Malawi told to invest in family planning


Population and Development Institution of Health Policy Plus has urged Malawi to promote policies and programs that will encourage more people to use contraceptive methods in order for the country to realize its development potential.

Technical advisor of the organisation Luka Japhet Nyirongo said investing in family planning leads to positive outcomes across all sectors

Malawians urged to use contraceptives

He noted that the country has already taken tremendous strides in expanding access to equitable, high quality and voluntary family planning services, with a broad mix of methods offered.

However, there’s still a long way to go as on average the desired fertility rate for Malawians is 3.4 children per woman instead of the current 4.4.

Speaking in an interview, Nyirongo said Malawi needs joint efforts from all sectors as they have a responsibility to advocate for increased investment in family planning programs in order to achieve the family planning goal which is to see 60 percent of women using modern contraceptives by the year 2020.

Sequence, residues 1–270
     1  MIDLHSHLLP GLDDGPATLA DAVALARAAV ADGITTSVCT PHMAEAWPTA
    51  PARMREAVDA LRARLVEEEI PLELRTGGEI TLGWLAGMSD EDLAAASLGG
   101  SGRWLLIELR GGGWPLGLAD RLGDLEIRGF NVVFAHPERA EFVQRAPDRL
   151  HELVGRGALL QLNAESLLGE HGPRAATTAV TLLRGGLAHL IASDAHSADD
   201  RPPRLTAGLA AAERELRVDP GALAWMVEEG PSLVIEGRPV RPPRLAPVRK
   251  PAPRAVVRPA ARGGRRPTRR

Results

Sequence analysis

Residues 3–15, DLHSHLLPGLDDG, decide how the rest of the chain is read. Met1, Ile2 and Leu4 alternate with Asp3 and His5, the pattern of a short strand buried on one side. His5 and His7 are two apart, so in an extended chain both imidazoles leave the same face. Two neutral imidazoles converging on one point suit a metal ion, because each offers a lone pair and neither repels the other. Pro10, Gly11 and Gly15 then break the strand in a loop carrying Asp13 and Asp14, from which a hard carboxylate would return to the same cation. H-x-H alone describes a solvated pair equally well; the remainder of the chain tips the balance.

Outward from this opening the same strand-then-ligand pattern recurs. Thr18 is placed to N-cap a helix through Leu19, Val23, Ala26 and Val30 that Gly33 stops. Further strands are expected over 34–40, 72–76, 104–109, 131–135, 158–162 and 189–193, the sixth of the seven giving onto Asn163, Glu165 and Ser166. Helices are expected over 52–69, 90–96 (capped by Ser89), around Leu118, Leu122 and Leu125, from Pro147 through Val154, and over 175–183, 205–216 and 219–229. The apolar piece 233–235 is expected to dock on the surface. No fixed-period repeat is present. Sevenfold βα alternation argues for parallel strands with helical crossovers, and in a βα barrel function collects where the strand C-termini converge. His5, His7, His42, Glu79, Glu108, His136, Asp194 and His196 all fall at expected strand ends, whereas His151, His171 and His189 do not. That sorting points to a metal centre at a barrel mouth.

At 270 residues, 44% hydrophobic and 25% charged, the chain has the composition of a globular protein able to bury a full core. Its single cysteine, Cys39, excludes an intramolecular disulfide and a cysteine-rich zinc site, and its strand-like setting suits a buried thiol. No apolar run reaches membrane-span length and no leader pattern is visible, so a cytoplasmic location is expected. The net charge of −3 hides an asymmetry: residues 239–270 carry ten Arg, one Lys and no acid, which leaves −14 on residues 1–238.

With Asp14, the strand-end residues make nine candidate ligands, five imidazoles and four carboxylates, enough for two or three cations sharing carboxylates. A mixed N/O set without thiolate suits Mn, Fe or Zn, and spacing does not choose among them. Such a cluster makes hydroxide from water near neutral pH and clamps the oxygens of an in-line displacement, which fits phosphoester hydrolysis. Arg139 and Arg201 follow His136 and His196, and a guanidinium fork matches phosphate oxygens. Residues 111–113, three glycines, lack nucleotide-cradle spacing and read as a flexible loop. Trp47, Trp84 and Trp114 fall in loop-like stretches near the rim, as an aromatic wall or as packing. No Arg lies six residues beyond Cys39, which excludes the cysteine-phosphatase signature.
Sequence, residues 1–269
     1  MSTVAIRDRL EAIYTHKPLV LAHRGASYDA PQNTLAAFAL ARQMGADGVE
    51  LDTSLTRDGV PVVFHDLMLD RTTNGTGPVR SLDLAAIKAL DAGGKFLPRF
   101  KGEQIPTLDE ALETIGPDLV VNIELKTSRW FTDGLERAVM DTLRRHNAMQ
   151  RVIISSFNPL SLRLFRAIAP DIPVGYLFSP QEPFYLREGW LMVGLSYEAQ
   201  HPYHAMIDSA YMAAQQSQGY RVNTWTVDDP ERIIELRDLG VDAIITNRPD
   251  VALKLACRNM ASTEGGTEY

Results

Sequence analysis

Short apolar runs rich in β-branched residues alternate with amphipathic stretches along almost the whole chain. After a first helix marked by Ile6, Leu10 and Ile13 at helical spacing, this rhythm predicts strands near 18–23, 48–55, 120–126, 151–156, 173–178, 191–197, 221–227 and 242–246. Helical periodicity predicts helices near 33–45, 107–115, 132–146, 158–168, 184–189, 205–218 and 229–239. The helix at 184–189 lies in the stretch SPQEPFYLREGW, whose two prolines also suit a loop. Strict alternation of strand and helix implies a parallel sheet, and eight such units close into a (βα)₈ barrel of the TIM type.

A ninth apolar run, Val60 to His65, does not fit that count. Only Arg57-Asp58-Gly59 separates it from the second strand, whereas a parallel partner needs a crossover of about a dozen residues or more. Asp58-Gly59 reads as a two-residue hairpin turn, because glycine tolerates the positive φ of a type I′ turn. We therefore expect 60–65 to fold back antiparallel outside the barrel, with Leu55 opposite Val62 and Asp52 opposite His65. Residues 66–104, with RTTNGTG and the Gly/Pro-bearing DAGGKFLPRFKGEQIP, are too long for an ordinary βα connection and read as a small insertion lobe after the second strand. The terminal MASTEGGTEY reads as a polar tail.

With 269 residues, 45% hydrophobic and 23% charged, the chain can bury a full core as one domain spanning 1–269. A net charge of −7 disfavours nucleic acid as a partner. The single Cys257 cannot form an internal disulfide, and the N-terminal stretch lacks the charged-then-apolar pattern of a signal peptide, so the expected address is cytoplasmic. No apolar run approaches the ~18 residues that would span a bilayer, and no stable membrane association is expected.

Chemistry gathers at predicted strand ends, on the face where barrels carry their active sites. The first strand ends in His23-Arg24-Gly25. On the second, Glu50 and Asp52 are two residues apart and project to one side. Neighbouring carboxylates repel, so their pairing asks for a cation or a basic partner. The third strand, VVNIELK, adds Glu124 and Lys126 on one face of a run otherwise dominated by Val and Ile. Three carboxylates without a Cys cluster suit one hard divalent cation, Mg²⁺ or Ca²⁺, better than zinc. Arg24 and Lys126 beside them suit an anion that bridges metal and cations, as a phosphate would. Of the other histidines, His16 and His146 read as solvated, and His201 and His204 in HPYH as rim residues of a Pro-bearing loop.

Dowa District Family Planning Coordinator, Davison Machika, said modern family planning methods are used mostly by married women as compared to men and girls because of low literacy levels in the district.

Machika said there is a link between literacy level and family planning because understanding has always been a problem due to myths surrounding some of the methods making people shun family planning.

In her remarks, Jessie Chirwa, a Reproductive Health Officer in the Ministry of Health said the main drive to Malawi’s population growth is high fertility rate which is at 4.4 births per woman and that one in three teens of ages 15-19 has begun child bearing.

Chirwa called for an increase in male involvement in family planning issues projecting that in 2050, if the fertility is not changed, 10 million more children will be added.

She expressed hope that if Malawi’s fertility rate decreases from 4.4 children per woman to 2.3, the population is expected to reach 34.3 million in 2050 which is 20 percent lower if the fertility rate remains unchanged.